Casinos send periodic direct mail advertisements and email advertisements to members of their players club. That’s why they have the club. Among other things, it’s a tool the casino uses to get access to your personal information.

They’re also hoping to incentivize your play by offering you perks that seem expensive. In fact, these perks might be expensive if you consider their retail value.

But the casino gets most of these perks at wholesale.

Here’s an obvious example:

You spend several hours playing slots at the casino, and they reward you with two free meals to the buffet. It normally costs $20 to eat at the buffet.

But the casino isn’t spending $20 on your meal. The food cost for that meal is probably between $6 and $7.

Here’s another, less obvious example:

You’ve been gambling for days at the casino, and they offer you a free room.

Unless the casino is sold out, that free room costs the property nothing at all. It would have just sat there empty anyway.

Most casinos and hotels only operate at between 65% and 75% occupancy. That means that one out of every 3 or 4 rooms in the hotel are sitting there empty on any given night.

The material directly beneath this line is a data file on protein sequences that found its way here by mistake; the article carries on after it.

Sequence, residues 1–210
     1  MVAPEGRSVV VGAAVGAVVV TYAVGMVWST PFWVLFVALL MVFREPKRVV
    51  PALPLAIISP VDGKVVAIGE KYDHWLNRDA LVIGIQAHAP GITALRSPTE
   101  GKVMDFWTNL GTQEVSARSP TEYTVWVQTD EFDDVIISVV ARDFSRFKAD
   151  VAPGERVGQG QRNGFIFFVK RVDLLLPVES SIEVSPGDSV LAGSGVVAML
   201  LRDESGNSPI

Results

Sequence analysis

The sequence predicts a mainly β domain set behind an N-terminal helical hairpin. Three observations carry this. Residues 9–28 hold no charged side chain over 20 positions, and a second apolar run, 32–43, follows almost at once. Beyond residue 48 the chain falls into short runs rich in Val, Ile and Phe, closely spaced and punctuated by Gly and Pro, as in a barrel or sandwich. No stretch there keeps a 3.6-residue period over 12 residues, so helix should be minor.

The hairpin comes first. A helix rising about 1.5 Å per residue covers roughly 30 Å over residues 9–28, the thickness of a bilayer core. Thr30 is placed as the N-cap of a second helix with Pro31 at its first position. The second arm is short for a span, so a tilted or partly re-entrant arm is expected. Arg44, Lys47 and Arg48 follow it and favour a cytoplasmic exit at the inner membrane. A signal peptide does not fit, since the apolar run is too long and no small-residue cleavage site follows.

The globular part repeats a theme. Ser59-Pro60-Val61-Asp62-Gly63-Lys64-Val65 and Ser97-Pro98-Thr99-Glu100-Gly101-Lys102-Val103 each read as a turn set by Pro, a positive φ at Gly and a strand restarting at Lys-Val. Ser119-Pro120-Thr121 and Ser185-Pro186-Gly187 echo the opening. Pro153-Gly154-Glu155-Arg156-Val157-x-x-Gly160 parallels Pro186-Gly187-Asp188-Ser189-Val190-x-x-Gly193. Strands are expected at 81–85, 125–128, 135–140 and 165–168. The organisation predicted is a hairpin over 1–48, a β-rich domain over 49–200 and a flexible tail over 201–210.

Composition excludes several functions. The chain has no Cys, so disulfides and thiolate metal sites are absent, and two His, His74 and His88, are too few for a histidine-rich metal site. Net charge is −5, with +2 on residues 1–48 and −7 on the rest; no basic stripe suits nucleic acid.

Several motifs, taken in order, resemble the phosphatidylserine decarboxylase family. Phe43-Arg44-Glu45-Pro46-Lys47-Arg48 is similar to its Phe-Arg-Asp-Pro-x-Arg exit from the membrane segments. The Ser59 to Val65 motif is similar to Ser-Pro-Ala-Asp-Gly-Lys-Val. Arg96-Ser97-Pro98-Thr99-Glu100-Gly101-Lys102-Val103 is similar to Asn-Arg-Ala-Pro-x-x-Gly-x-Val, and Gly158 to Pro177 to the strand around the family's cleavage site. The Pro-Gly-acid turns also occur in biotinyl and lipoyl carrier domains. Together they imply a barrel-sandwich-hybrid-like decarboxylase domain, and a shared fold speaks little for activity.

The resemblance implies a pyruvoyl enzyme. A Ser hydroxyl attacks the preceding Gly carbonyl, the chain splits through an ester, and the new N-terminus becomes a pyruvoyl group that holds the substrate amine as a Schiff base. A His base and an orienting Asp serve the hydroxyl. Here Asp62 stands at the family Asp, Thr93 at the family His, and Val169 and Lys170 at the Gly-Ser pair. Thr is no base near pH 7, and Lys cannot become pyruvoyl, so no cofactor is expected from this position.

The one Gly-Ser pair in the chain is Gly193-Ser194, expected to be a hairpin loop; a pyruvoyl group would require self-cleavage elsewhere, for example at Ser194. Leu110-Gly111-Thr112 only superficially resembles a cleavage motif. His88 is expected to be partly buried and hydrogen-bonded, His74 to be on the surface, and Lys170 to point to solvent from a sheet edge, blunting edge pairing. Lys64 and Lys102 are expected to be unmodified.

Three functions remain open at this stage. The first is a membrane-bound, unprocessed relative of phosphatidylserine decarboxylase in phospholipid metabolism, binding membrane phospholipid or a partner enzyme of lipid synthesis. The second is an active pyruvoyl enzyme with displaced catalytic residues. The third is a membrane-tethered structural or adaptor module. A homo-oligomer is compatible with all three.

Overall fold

Why not offer those empty rooms to a gambler who puts several hours in at the slot machine games?

I don’t have an opinion about whether you should use the players club card or not. You should decide this based on the facts, though—not some superstitious belief that you’ll lose more often if you play with your card inserted.

It’s okay to play with your card inserted.

It’s also okay to play without your card inserted.

6. You Never Play Slot Machine Games on the Internet.

A lot of people are afraid to play slot machine games on the internet. They’re afraid that the software powering the online casino is rigged in such a way that you can’t win. This logic misses something important about slot machines in general:

They’re ALL rigged in such a way that you can’t win.

Not in the long run, anyway.

Remember when I talked about how the odds of winning and the payout odds aren’t the same?

That’s HOW the games are rigged.

It’s a long-term math thing.

Paranoid, superstitious players think that a game will just flat-out not pay you wins. And yes, some online casinos are cheaters.

But online casinos don’t have to cheat to make a lot of money.

Casino games are already set up in such a way that the online casino owners make plenty of profits.

And the smart online casino operators know that a loyal customer who plays for years is worth more in the long run than a disgruntled player who got swindled by a lousy gamble.

This doesn’t mean ALL online casinos are worth your time. You still need to do some due diligence into the reputation of an online casino before you sign up.

But what you need to worry about is how well their customer service team handles and processes cashouts. The casino cheating you at the slot machine games is the least of your worries.